The Florida delegation overwhelmingly backed a U.S. House resolution “condemning anti-Semitism as hateful expressions of intolerance that are contradictory to the values and aspirations that define the people of the United States and condemning anti-Muslim discrimination and bigotry against minorities as hateful expressions of intolerance that are contrary to the values and aspirations of the United States” in response to anti-Semitic comments from U.S. Rep. Ilhan Omar, D-Minn.
The House passed U.S. Rep. Jamie Raskin’s, D-Mary., resolution on a 407-23 vote on Thursday. All 23 voters against the resolution came from the GOP ranks including U.S. Rep. Greg Steube, R-Fla., and U.S. Rep. Ted Yoho, R-Fla.
Yoho, who sits on the U.S. House Foreign Affairs Committee, retweeted conservative pundit Ben Shapiro’s comment calling the proposal a “sham resolution” on Thursday.
“Omar says anti-Semitic stuff repeatedly,” Shapiro wrote. “Media: Omar makes controversial comments about Israel. Democrats water down resolution to avoid condemning Omar. Media: Democrats vote to condemn hate. A few GOP vote against sham resolution in protest. Media: Republicans are anti-Semitic.”
Steube also weighed in on why he voted against the resolution, noting it “failed to specifically condemn the remarks by Congresswoman Ilhan Omar.”
“Her vile, anti-Semitic remarks should have been specifically condemned in this resolution, but instead, my colleagues on the other side of the aisle decided to look the other way,” Steube insisted. “I will not be complicit in the trivializing of her behavior. Anti-Semitic behavior of all forms must be condemned–that’s what this was all about.”
While he voted for the resolution, U.S. Rep. Ted Deutch, D-Fla., the chairman of the U.S. House Middle East and North Africa Subcommittee, agreed that it did not go far enough.
“Today the House of Representatives voted to condemn anti-Semitism, Islamophobia, bigotry, racism, and hatred of all kinds,” Deutch said after the vote. “All are worthy of condemnation. I joined my colleagues in condemning them all. But I feel let down by some colleagues who seem to have questioned those of us who feel the weight of history when we hear classic anti-Semitic language – history that has led to targeting Jews, expelling Jews from their countries, violence against Jews, and attempts to exterminate the Jewish people. Anti-Semitism is worthy of being condemned, singularly. I hope this painful week is never repeated in this Congress.”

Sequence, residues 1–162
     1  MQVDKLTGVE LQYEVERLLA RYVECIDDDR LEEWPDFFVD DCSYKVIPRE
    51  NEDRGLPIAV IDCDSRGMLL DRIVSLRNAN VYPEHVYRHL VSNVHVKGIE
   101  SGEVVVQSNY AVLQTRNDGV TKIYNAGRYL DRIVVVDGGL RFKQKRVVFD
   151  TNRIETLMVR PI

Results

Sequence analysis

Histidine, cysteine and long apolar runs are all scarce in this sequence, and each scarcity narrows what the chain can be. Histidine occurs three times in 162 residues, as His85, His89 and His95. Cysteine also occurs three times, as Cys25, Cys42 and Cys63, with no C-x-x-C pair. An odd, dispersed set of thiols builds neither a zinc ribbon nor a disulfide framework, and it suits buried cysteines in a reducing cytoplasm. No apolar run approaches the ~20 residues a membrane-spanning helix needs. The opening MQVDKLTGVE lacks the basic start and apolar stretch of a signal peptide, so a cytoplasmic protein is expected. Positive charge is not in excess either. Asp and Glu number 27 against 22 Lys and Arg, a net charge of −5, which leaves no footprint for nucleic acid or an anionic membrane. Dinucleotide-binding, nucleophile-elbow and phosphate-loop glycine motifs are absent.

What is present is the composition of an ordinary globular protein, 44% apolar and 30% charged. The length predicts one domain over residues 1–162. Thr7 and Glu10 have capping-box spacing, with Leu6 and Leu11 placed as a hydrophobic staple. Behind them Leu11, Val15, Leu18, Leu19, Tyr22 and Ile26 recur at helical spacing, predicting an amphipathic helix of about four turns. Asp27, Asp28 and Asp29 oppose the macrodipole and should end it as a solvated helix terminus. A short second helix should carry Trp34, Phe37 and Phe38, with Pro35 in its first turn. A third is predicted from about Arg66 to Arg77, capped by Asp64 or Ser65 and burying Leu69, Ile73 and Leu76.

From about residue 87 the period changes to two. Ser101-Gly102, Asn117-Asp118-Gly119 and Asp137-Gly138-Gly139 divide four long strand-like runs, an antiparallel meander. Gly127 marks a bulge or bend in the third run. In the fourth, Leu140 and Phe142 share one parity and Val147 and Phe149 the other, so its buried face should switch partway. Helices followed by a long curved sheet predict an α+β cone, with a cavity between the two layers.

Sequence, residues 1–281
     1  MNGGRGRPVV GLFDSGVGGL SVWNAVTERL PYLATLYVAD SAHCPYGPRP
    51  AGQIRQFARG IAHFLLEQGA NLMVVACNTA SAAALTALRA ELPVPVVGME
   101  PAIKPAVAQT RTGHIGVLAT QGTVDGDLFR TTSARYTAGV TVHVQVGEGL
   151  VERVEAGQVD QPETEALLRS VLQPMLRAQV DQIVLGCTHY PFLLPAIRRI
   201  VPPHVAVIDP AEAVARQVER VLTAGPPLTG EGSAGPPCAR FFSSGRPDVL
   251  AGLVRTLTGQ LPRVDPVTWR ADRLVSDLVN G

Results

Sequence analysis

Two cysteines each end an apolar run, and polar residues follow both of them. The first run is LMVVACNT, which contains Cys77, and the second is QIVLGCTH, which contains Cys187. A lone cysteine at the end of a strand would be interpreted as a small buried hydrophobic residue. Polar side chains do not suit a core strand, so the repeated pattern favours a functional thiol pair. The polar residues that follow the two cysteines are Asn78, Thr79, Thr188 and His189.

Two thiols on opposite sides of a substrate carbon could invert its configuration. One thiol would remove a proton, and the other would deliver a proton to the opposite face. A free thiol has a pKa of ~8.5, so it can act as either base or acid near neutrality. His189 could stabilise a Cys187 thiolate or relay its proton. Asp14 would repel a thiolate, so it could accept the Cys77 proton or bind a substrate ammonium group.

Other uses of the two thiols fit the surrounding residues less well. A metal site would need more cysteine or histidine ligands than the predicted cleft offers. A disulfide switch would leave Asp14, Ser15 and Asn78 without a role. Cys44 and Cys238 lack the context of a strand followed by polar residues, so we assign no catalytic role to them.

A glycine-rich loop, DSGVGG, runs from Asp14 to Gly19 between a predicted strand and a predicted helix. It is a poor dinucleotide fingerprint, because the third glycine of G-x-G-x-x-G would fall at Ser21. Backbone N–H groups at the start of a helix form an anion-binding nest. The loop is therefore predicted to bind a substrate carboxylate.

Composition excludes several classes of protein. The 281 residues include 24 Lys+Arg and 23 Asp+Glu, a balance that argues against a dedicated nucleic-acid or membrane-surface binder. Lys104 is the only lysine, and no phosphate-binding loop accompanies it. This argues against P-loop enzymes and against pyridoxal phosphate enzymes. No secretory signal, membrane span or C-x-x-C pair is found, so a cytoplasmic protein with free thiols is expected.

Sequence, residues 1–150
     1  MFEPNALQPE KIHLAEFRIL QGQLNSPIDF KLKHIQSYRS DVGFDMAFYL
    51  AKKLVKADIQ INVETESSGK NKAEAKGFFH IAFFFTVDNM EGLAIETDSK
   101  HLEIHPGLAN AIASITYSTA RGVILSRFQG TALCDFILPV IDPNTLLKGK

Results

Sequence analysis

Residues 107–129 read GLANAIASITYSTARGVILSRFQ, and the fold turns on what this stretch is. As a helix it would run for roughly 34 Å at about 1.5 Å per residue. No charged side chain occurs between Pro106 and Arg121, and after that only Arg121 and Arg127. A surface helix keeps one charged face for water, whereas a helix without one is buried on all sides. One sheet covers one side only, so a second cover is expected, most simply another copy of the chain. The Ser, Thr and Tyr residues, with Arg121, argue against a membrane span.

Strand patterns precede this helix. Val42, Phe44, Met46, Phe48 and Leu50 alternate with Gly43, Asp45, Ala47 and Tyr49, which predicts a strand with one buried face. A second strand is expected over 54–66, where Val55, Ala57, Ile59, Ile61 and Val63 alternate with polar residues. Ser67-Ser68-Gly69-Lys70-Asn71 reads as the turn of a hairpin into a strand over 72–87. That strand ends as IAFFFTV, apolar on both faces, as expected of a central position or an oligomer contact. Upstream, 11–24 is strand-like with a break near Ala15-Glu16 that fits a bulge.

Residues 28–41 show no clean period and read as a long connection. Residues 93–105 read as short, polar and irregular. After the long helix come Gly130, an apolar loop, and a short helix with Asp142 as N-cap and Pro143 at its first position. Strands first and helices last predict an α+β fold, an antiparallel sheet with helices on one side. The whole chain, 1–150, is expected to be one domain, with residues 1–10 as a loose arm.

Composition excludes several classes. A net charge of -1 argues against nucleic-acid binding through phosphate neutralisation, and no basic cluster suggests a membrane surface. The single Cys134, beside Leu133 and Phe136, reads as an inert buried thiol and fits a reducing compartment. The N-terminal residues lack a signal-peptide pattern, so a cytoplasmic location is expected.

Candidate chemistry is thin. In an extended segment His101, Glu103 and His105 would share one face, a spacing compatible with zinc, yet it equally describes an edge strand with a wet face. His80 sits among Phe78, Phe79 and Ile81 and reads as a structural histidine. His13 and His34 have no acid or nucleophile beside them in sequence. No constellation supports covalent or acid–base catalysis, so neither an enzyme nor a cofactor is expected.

Deutch also took to the House floor on Thursday where he took off the gloves.
“Why are we unable to singularly condemn anti-Semitism?” he demanded. “Why can’t we call out anti-Semitism and show that we’ve learned the lessons of history? It feels like we’re only able to call the use anti-Semitic language by a colleague of ours, any colleague of ours, if we’re addressing all forms of hatred and it feels like we can’t call it anti-Semitism, unless everybody agrees it’s anti-Semitism.”
Deutch also left no room for doubt that he thinks Omar crossed the line with her rhetoric.
“When a colleague invokes classic anti-Semitic lies three times, then this body must condemn that anti-Semitism,” Deutch said. “Anti-Semitism is worthy of being taken seriously on its own.”
U.S. Rep. Lois Frankel, D-Fla., also weighed in on the matter on Thursday.
“Debate about policy is legitimate, necessary and a healthy function of our democracy,” Frankel said. “When I disagree with the decisions of my government – which I’ve done a lot throughout the Trump administration – that does not make me anti-American, just as criticizing the actions of a foreign government doesn’t make someone a bigot. In fact, sharing ideas and debating policy make our nation stronger.
“However, when that debate crosses into hateful rhetoric, whether it’s anti-Semitism, racism, or Islamophobia, we must quickly identify and reject it,” Frankel added before turning to Omar. “Recent statements that have been made regarding the anti-Semitic myth of dual loyalty are especially harmful because throughout Jewish history, accusing Jews of harboring allegiances to a foreign country has resulted in discrimination and violence. In 1894, a French-Jewish officer was wrongly charged with passing military secrets to Germany, leading to mobs screaming ‘Death to the Jews.’ Nazi propaganda in the 1920s and 1930s accused Jews of ‘stabbing Germany in the back’ during World War I. And then in 1952, Stalin charged Russian Jewish doctors with plotting to poison and kill the Soviet leadership, leading to the innocent men being arrested and tortured. And these are just a few examples.
“As we’ve seen over the past few years, anti-Semitism is increasing both abroad and here in the United States. In 2017, there was a 57 percent increase in anti-Semitic incidents in this country, and last October’s Tree of Life massacre in Pittsburgh was the deadliest attack Jews have faced in American history. There is no place for hate in our country – I will always condemn all forms of prejudice and work with my colleagues from both sides of the aisle to combat the alarming rise in anti-Semitism,” Frankel said in conclusion.
Kevin Derby can be reached at Kevin.Derby@floridadaily.com.